Take the time to talk to your property manager and/or building’s Superintendent about what is going on. Realistically understanding your financial situation and moving to resolve the issues impacting your property from COVID-19 is essential to your financial success. Let’s make sure that we move swiftly to determine our position and structure a plan to assure we understand where we are going.  Only by getting started on this exercise now can you hope to use the budget to plan for the latter half of 2020 and have comfort knowing that you understand 2021 as it approaches.

    The Czar Beer team is dedicated to providing timely, accurate information on all aspects of COVID-19 that affect our clients. However, as this is all developing quickly we are here to offer support in any way we can. You can email us at info@czarbeer.com or call 212 397 2970 with any questions you may have.

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    Why You Should Take a Closer Look at Your Financials During COVID-19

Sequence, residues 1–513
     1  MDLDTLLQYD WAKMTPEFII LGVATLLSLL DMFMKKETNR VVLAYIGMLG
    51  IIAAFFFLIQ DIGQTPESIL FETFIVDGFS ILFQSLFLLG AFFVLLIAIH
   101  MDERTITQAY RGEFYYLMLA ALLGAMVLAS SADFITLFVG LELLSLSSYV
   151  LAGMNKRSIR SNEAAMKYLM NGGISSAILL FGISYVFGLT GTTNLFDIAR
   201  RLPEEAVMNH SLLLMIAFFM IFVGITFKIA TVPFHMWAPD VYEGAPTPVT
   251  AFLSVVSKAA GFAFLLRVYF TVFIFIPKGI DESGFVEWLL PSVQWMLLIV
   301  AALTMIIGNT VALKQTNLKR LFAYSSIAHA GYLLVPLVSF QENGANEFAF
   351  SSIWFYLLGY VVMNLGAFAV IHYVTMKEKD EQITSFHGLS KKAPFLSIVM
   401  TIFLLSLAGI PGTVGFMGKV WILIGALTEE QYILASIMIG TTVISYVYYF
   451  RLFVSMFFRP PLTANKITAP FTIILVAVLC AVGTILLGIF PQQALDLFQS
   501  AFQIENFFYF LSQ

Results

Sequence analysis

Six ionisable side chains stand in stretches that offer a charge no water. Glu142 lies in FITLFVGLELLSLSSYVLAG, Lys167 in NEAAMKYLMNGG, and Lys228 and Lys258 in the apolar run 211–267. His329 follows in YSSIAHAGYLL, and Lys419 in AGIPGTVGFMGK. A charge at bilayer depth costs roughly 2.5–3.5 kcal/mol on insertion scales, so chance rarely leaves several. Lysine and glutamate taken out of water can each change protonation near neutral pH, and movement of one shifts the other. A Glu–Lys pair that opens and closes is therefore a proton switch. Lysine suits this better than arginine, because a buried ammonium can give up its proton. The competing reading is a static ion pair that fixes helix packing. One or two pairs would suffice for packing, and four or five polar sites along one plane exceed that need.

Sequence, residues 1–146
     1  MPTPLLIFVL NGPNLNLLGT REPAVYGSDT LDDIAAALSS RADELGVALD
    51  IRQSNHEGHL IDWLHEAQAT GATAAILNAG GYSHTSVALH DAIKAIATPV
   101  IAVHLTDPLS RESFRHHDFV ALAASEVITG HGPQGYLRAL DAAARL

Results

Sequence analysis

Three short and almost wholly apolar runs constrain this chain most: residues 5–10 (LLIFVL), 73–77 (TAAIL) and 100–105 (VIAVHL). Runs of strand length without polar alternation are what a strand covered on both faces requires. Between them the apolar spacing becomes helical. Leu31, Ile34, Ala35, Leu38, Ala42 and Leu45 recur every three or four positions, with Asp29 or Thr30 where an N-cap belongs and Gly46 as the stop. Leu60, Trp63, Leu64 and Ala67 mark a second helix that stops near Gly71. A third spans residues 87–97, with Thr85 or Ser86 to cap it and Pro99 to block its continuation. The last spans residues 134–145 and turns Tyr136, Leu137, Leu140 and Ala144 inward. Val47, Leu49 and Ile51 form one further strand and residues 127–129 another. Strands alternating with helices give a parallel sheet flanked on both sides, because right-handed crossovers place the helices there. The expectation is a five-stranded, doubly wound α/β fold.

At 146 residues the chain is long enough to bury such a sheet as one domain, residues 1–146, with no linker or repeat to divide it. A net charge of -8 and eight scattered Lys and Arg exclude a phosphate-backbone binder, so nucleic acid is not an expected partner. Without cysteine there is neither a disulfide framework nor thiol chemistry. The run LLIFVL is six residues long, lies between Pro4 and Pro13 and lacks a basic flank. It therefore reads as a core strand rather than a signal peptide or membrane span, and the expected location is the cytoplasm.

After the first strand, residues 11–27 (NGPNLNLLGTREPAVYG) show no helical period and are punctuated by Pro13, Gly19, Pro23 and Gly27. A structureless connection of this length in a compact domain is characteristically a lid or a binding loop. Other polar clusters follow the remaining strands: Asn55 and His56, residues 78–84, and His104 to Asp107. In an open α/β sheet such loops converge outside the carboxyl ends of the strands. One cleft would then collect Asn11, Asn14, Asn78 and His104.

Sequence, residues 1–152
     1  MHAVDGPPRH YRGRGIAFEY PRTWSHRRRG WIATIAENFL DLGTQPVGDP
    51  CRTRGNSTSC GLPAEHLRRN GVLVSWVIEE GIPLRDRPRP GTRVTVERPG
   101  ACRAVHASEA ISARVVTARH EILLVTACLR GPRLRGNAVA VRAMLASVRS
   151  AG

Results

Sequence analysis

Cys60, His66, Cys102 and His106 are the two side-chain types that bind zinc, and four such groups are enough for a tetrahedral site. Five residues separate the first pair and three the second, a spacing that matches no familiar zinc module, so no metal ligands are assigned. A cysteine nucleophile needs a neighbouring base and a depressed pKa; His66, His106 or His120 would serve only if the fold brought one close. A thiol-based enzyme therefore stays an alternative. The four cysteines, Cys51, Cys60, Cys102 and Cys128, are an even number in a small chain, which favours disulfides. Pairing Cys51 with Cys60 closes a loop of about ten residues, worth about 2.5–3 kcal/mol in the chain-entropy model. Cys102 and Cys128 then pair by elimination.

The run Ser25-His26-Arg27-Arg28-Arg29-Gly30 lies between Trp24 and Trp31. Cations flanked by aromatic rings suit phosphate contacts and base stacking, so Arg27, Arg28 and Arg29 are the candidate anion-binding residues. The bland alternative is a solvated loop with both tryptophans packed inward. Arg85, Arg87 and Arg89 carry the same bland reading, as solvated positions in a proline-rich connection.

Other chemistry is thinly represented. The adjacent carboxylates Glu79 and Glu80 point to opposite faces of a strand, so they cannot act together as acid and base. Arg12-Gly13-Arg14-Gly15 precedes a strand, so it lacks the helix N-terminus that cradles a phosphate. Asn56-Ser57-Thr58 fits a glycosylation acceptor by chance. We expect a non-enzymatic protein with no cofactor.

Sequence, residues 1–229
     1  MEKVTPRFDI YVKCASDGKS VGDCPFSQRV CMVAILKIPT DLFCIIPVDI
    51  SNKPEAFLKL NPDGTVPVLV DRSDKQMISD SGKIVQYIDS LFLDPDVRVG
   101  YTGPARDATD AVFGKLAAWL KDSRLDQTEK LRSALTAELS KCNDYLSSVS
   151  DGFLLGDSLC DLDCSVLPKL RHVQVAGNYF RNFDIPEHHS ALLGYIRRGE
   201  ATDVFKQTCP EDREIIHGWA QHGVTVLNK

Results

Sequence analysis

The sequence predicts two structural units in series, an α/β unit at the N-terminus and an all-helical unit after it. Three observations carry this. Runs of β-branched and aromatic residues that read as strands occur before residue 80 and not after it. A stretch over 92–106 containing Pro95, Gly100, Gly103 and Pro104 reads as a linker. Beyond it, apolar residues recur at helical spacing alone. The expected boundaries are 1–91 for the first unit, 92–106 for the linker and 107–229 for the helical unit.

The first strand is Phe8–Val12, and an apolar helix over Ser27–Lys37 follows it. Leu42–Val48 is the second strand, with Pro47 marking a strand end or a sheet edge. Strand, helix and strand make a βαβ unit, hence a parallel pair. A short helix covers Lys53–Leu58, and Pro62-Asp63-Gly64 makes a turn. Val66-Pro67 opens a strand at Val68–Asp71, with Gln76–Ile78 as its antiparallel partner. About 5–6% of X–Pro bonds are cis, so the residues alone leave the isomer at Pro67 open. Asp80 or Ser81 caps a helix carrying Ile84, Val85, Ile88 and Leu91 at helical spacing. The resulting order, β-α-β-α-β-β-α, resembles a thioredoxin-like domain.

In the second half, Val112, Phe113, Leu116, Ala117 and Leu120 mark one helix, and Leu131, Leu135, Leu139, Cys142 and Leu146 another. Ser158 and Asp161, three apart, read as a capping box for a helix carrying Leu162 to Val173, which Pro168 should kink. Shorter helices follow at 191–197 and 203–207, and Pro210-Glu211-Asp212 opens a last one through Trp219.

Prospective purchasers and lenders to cooperatives and condominiums utilize both the annual budget and financial statements as the basis for their perception of your property’s financial health.

    In the era of COVID-19 the seasonal publication of those documents creates a situation where the ability to rely on them is quite different now. You see, these documents will now need to chronicle how things have changed, which is why you should take a closer look at your financials during COVID-19.

    With the stay at home order and the reboot of the usual time frame to publish an annual financial statement many properties have just now, or will soon, published their 2019 financial statements. This means that the shortest interval for annually updated documents will be nine months if we return to the usual timing of publication. We suggest that boards prepare certain information about their property’s COVID-19 effects to be at the ready for those who will inquire. However, the annual operating budget is a document that can be more easily updated to demonstrate the effects of COVID-19 to those needing financial information.

    Effects on Your Operating Budget